Monday, May 19, 2008

Fear Fights the Classics

David Fear, the movie critic of Time Out, has no fear. He had the gall to downgrade these old-time movie favorites from classics to just good movies.

10. "Love Story" (1970)
9. "Arsenic and Old Lace" (1944)
8. "All the King's Men" (1949)
7. "Guess Who's Coming to Dinner" (1967)
6. "Gentleman's Agreement" (1947)
5. "The Seven Year Itch" (1955)
4. "The Ten Commandments" (1956)
3. "Easy Rider" (1969)
2. "Giant" (1956)
1. "Gone With the Wind" (1939)
Go ahead, say it: The idea that this towering totem of Hollywood's Golden Age may not deserve the praise it's received over the decades is downright sacrilegious, and we should be strung up for saying so. To which we reply: When was the last time you actually watched this marathon paean to the Old South? We can appreciate what producer David O. Selznick accomplished -- after hearing the film's backstory, it's a miracle the movie even managed to get made -- but this template for every bloated spectacle made since is one creaky melodrama. Vivien Leigh's touted performance now seems drastically mannered and camp ("I'll never go hungry again!"), set pieces such as Scarlett O'Hara's tour of the Civil War battlefield stick out like sore thumbs amidst the overwrought "intimate" moments, and Victor Fleming's direction never rises above journeyman level. Even Clark Gable's charismatic Rhett Butler feels less like an actual character and more like a star simply savoring the taste of the scenery between his teeth. You can chalk up the retrograde politics to the times -- still, we dare you to sit through Butterfly McQueen's and Hattie McDaniel's scenes without wincing -- but the sheen of this capo di tutti capi of movies has worn off once and for all. For all its pomp, "Gone With the Wind" no longer blows us away.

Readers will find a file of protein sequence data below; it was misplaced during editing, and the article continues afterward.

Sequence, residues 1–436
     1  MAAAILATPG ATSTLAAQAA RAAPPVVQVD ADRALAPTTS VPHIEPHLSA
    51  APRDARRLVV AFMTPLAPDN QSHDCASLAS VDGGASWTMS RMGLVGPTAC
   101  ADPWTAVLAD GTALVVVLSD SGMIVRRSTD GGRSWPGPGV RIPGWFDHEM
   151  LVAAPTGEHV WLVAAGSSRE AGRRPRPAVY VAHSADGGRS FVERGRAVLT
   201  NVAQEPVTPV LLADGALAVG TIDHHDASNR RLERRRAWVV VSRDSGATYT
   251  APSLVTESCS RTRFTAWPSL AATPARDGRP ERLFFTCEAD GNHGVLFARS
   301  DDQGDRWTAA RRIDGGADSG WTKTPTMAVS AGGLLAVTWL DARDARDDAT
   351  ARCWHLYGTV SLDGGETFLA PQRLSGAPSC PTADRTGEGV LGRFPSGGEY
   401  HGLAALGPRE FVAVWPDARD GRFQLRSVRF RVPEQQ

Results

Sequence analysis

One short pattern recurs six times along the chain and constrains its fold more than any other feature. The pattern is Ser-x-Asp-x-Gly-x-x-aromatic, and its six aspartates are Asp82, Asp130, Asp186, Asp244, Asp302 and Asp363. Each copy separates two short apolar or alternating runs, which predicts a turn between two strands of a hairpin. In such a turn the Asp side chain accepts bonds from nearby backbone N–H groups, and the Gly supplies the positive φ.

Here's the story


Blogger Mel said...

My personal takes:
Love Story - read the book, saw the movie, and asked myself what the fuss was all about. Why, it's the stuff run-of-the-mill Pinoy movies are made of!
All the King's Men - read the book, saw the movie, didn't leave an impact other than to confirm that truth is indeed stranger than fiction.
Ten Commandments - required viewing for our 5th grade class at the Holy Family. Won't impose it on my grandchildren even during the Holy Week.
Gone With the Wind - saw the movie in the 60s; wasn't too impressed. Read the book later and enjoyed it immensely. My favorite part? Rhett Butler suggesting that Scarlett name the store she was building 'Caveat Emptorium' - and she did just that!

8:25 AM  
Blogger frank said...

They should leave the Top 5 for nostalgia reasons. I remember watching Ten Commendments in Session Theater. When I left the theater into the real world, letdown! Its like you lived the movie.

8:55 AM  
Blogger Mel said...

Ooops...misread 'All the King's Men' as 'All the President's Men'...

I have a list of personal favorites - for nostalgic reasons like you said - and I saw them all at the Session Theatre.

9:19 AM  

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